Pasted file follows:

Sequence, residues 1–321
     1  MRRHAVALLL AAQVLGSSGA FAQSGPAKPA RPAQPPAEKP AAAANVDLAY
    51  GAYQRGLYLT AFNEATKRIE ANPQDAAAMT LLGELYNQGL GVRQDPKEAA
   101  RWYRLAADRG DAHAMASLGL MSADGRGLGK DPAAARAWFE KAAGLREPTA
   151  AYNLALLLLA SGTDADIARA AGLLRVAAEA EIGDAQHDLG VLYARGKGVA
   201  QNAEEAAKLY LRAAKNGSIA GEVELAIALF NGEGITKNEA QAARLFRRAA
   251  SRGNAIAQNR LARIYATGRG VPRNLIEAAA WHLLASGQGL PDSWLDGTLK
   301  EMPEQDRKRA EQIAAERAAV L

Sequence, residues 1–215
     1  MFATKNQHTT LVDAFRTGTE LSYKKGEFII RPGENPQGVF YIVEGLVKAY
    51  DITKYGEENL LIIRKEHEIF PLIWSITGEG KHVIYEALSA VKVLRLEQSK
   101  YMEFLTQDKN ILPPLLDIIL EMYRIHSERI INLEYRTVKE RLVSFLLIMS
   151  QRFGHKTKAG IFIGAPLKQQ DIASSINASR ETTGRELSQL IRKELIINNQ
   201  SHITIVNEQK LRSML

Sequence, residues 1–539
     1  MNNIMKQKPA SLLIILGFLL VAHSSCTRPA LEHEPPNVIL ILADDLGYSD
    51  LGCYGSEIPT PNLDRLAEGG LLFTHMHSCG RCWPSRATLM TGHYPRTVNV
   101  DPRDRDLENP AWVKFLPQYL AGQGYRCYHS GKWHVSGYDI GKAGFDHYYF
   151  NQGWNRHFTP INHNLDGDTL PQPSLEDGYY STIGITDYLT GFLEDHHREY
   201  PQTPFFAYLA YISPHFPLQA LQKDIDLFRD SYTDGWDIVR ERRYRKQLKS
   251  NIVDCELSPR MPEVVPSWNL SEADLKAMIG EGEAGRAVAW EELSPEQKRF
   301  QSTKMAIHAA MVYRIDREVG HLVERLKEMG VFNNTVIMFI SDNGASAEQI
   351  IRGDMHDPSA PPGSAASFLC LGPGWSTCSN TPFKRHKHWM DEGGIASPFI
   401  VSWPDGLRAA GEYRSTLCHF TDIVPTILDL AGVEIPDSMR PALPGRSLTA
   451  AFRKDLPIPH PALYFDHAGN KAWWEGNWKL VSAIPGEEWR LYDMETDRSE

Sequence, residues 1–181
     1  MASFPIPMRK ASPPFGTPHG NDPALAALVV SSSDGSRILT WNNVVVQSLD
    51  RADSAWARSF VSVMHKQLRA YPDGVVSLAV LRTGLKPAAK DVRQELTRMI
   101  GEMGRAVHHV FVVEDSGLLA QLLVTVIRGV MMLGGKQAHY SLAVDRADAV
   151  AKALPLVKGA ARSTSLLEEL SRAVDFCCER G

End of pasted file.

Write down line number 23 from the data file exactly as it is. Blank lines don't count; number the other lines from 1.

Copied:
   351  IRGDMHDPSA PPGSAASFLC LGPGWSTCSN TPFKRHKHWM DEGGIASPFI